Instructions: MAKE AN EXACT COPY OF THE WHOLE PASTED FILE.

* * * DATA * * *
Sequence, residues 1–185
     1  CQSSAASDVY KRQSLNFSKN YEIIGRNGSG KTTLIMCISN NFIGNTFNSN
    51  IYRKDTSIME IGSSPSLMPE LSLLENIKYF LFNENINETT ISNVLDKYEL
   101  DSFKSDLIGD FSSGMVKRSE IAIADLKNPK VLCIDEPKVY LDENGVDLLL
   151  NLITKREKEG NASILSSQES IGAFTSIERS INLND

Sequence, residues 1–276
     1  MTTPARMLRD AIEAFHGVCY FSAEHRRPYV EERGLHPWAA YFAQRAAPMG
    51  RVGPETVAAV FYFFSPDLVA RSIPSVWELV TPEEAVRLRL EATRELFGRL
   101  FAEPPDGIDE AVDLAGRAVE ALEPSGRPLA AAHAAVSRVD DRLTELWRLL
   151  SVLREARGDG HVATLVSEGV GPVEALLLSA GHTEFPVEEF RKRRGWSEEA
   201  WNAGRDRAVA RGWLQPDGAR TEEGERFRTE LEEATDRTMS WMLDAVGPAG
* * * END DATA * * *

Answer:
Sequence, residues 1–185
     1  CQSSAASDVY KRQSLNFSKN YEIIGRNGSG KTTLIMCISN NFIGNTFNSN
    51  IYRKDTSIME IGSSPSLMPE LSLLENIKYF LFNENINETT ISNVLDKYEL
   101  DSFKSDLIGD FSSGMVKRSE IAIADLKNPK VLCIDEPKVY LDENGVDLLL
   151  NLITKREKEG NASILSSQES IGAFTSIERS INLND

Sequence, residues 1–276
     1  MTTPARMLRD AIEAFHGVCY FSAEHRRPYV EERGLHPWAA YFAQRAAPMG
    51  RVGPETVAAV FYFFSPDLVA RSIPSVWELV TPEEAVRLRL EATRELFGRL
   101  FAEPPDGIDE AVDLAGRAVE ALEPSGRPLA AAHAAVSRVD DRLTELWRLL
   151  SVLREARGDG HVATLVSEGV GPVEALLLSA GHTEFPVEEF RKRRGWSEEA
   201  WNAGRDRAVA RGWLQPDGAR TEEGERFRTE LEEATDRTMS WMLDAVGPAG